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April 03, 2007

Law School Rocks! ... For These Folks

By Tim Harrington

What sets the University of Michigan Law School apart, other than our status as officially cool —at least cooler than Boalt Hall– in the www.abovethelaw.com March Madness tournament? Well, for one thing, we have a rock band: T.J. Hooper and the Learned Hands. Yes, we’re not just musical, we’re funny too! According to band member and 1L Jennifer Pepin, that’s a much wittier name than The 2nd Restatement of Rock, the band hailing from George Washington University’s Law School. Oh, they also have a website: www.carrolltowing.com. Detect a theme here?

I sat down with Pepin on a bench in the sunny Law Quad, and she explained that the band consists of four, five, or maybe six core members, but added that there was a fluidity to the composition of the group. A complete list can be found in their Facebook group. She mentioned in particular the founder, Andrew Moll, on guitar; Dave Lupton-Laurence—“or Laurence-Lupton, I can’t remember,” on bass guitar; Adam Dubinsky, on ukulele; and herself on cornet—it’s “like the trumpet but louder.”

Pepin reports that she’s played the cornet for fewer than two months but that the twelve-year old upright bass player she jams with on Wednesday nights has said that she’s better than all the eighth graders in the Slauson Middle School band. Other core members of the group include Dave Alles on Emo guitar, who can play any Top-40 song from the last 20 years, and “this guy named Paul—he’s tall—who plays bass.”

The band’s influences include Andrew W. K. and Rick Springfield. Pepin insisted that she didn’t list Andrew W. K. in order to kiss Professor Krier’s @ss. She said they really all did enjoy his music, as well as the new Modest Mouse, which they “all happen to be listening to right now.” The Rick Springfield influence apparently is more subconscious. The band worked on a song written by Andrew Moll called “I Wanna Be Mao,” an ironic appreciation of the merits of dictatorship, that sounded just like “Jessie’s Girl.” After discovering the similarity the band decided to rework their musical homage to the late Chinese leader. As for other songs, Pepin reported that they are currently trying to craft another original that is so awesome that the law school just isn’t ready for it right now.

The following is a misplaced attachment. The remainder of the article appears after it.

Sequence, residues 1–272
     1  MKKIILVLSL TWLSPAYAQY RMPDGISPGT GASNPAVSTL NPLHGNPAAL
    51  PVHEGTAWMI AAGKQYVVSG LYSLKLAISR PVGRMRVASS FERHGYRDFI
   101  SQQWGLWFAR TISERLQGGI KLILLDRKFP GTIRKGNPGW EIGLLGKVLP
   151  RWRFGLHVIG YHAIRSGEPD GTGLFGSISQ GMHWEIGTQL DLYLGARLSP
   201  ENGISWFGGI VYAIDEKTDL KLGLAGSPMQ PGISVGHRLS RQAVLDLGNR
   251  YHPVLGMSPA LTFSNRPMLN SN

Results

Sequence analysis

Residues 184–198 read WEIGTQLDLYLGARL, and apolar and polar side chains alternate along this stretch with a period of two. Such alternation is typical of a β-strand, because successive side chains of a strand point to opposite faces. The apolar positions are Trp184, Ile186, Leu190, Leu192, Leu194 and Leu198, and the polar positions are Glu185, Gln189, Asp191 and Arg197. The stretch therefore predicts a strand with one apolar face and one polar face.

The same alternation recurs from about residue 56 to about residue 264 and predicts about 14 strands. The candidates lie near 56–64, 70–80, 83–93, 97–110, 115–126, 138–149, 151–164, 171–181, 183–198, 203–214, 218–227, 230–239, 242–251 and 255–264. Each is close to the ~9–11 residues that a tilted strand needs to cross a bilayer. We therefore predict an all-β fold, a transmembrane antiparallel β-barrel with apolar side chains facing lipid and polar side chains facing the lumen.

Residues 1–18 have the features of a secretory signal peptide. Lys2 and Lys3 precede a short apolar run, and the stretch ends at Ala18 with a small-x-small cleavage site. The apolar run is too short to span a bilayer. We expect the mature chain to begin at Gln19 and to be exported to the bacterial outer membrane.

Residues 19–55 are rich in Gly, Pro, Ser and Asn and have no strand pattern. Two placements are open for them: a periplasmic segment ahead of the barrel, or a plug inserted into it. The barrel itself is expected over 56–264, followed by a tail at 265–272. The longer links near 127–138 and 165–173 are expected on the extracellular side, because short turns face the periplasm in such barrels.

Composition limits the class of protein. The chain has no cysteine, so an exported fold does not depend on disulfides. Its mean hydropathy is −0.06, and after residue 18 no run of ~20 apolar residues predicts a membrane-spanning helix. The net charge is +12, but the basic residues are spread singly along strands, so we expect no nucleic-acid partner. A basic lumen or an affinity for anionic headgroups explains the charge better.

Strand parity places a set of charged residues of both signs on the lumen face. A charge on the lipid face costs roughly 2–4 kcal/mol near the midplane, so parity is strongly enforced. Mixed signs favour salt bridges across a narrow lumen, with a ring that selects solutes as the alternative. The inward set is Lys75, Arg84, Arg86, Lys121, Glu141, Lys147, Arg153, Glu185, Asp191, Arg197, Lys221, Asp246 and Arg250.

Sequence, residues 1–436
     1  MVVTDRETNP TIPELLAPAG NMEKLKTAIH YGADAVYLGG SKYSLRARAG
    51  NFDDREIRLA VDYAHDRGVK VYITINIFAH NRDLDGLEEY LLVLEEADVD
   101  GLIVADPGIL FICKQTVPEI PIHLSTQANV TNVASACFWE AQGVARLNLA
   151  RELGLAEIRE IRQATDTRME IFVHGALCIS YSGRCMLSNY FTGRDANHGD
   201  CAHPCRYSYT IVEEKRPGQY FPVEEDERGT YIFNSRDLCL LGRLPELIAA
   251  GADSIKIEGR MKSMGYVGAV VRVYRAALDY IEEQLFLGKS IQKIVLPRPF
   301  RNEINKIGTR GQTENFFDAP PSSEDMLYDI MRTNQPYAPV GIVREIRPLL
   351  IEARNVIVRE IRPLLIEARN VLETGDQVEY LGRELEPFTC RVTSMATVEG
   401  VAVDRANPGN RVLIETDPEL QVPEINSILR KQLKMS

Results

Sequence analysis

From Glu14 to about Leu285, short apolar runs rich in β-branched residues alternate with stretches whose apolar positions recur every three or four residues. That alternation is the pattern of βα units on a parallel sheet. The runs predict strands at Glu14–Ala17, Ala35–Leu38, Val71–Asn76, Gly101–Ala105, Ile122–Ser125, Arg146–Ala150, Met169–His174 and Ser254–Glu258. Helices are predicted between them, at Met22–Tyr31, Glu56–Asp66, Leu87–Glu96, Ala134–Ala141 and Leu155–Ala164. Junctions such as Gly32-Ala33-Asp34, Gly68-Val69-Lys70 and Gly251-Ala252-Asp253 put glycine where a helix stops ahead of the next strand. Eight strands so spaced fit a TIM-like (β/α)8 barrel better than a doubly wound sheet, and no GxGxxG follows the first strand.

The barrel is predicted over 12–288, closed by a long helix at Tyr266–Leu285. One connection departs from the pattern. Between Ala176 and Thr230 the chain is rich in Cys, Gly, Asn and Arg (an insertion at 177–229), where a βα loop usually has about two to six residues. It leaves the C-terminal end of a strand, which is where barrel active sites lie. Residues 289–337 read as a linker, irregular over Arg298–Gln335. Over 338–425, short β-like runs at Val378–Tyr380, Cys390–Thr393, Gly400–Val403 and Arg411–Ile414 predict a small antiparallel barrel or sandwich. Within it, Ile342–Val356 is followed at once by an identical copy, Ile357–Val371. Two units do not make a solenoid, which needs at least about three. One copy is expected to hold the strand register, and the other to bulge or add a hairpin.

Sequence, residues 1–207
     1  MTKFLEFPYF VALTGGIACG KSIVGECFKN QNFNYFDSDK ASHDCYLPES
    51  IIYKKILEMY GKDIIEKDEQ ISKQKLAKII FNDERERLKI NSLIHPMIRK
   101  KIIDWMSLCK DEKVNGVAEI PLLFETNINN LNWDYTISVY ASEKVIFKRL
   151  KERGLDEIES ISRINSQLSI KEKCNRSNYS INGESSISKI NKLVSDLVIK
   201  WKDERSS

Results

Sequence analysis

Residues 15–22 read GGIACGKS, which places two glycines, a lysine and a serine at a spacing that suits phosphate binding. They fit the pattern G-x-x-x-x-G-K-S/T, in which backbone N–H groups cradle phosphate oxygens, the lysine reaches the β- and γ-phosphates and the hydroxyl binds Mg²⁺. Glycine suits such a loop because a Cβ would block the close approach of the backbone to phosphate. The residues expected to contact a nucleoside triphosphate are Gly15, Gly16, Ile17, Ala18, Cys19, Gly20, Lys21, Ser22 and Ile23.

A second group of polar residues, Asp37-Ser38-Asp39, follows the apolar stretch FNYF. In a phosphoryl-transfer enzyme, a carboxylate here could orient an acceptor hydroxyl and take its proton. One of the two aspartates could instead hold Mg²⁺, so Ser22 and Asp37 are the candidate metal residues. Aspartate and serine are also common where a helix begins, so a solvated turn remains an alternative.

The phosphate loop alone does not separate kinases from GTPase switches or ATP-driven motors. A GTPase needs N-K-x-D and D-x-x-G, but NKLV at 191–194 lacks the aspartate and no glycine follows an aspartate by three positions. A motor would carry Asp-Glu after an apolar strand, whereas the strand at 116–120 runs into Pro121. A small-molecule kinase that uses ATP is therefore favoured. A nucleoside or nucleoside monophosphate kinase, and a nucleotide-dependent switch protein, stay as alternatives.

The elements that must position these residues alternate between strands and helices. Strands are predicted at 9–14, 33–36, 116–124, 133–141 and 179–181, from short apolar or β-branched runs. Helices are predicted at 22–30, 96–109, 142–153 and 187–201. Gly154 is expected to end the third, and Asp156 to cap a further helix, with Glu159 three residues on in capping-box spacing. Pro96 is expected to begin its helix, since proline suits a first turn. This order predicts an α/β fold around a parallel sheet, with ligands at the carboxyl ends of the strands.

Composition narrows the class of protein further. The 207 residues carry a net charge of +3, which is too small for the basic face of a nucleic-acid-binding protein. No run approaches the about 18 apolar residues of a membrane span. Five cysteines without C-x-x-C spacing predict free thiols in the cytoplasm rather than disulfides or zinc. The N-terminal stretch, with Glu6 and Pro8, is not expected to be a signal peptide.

T.J. Hooper and the Learned Hands haven’t played any gigs yet, but they did earn $6 busking outside Sweetwaters, where they played the “talking blues”—blues with spoken vocals. The band taught the Erie Doctrine to passersby, and a local lawyer gave them $2 (cheap bastard). Pepin reports that the band doesn’t feel ready to play a gig yet, but that word has gotten out of their existence. Members of the School of Social Work and the School of Urban Planning have approached them to ask about playing at a fundraiser.

For the record, I am in Pepin’s Jurisdiction class, and I fully intend to review for our exam with the entire band…what better way to study?

For now, they are practicing hard when they can get together, despite various obstacles, including getting kicked out of the Lawyer’s Club Lounge for being too loud, but mostly…law school. Ironic, isn’t it? The very thing that brought them together is the same thing that threatens to drive them apart. Despite their struggle to “gel,” Pepin is hopeful. With the exception of the incomparable Duby, all members of the band are returning next year, and Pepin is excited about the class of 2010—she’s been “putting the pressure” on Dean Zearfoss to admit a drummer.

The band has looked for a drummer in the past but doesn’t have one at the moment. Pepin met some promising candidates during the two preview weekends last month, including one who had toured with the Pixies (in what capacity it was unclear). While none was a drummer, there were several “kids who knew a thing or two about rockin’.”

As the semester comes to a close, we probably won’t see much of the Learned Hands—or is the appropriate abbreviation the T.J.’s?—but we will at least know a little more about the talented and—occasionally—intriguingly enigmatic people with whom we go to school. After all, these rockers are still law students. True to form, Pepin ended the interview by saying she needed to go “ogle” some Federal judges in room 218 and get some breakfast (at 11:45 a.m.). “Do you think they wear robes all the time?” she asked. “I’d wear mine to the grocery store, …I look good in black.”